Emotional Labor: How Faking a Smile at Work Affects Job Satisfaction

Topic(s): burnout, job performance, job satisfaction, stress
Publication: Personnel Psychology (2013)
Article: A meta-analytic structural model of dispositional affectivity and emotional labor
Authors: Y. Zhang, M.D.K. Halvorsen-Ganepola
Reviewed by: Scott Charles Sitrin

Employees who manage their emotions in order to act in the best interest of their jobs are performing something called emotional labor. People typically don’t need to do this when around friends and family. However, in a work setting, there are times when it makes sense to hide true emotions, and instead display the emotions that are expected.


Previous research has divided emotional labor into two categories: surface acting and deep acting. Surface acting refers to expressing the emotion that the situation requires, even though it may not be the emotion that is felt. For example, employees may need to smile and be cheerful when greeting clients even though the employees feel neither happy nor cheerful. 

Deep acting also refers to expressing the emotion that the situation requires, but instead of merely faking it, employees try to generate the required emotions by thinking of historical events or associations. For example, employees may need to smile and be cheerful when greeting clients, and even though the employees are feeling tired and grumpy, they generate happiness and cheer by thinking of positive associations or of things that make them happy.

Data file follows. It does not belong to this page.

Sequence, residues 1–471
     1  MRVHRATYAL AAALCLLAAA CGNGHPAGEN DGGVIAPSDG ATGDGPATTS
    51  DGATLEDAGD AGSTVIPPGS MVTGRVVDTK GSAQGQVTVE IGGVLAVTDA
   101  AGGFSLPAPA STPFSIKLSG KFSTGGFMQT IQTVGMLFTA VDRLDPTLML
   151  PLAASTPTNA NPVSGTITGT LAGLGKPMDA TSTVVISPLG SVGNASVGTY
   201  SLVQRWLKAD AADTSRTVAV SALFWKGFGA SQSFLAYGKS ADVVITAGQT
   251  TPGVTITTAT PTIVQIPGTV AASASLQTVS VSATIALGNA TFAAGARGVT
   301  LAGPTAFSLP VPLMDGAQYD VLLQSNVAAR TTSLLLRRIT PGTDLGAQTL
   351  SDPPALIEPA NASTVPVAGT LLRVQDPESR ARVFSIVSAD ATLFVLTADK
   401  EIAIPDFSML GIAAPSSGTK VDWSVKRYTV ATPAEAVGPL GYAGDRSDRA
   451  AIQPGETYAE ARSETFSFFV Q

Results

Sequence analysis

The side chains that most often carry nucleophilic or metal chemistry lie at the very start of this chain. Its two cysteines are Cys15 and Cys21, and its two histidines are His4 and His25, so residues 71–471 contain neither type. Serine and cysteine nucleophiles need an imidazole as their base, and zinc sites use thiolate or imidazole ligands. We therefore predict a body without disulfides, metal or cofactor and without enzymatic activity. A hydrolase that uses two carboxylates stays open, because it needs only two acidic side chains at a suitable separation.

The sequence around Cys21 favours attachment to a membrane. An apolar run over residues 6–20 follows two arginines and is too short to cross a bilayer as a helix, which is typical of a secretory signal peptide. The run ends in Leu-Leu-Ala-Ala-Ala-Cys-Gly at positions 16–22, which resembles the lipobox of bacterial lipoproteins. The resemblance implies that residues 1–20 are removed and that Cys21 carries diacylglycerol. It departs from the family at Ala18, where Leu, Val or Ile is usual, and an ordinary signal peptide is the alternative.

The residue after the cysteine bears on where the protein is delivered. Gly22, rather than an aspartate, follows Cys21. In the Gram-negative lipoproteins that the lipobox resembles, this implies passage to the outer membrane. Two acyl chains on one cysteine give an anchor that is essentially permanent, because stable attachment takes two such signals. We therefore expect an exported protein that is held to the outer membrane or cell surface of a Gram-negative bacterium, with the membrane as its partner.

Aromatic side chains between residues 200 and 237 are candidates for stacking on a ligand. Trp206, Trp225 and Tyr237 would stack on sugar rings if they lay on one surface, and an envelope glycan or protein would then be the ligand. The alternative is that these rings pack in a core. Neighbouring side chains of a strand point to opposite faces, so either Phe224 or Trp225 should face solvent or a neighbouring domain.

Through a review of over 116 studies, the results of this investigation (Kammeyer-Mueller et al., 2013) indicate that the type of emotional strategy utilized – surface acting or deep acting – affects job performance. Specifically, those who use a surface acting strategy are less satisfied with their job and more stressed and exhausted, while those who use a deep acting strategy are more satisfied, less stressed, and perform their job better. 

In explaining their findings, the authors believe that surface acting strategies have greater downward impact on job performance because they require more effort in order to overcome the cognitive dissonance between an emotion felt and an emotion expressed. Though this result is important for the job performance of anyone with a client-facing role, it is particularly important for those in the service industry in which customer satisfaction is key.


Kammeyer-Mueller, J. D., Rubenstein, A. L., Long, D. M., Odio, M. A., Buckman, B. R., Zhang, Y., & Halvorsen-Ganepola, M. D. K. (2013). A Meta-Analytic Structural Model of Dispositonal Affectivity and Emotional Labor. Personnel Psychology, 66(1), 47-90.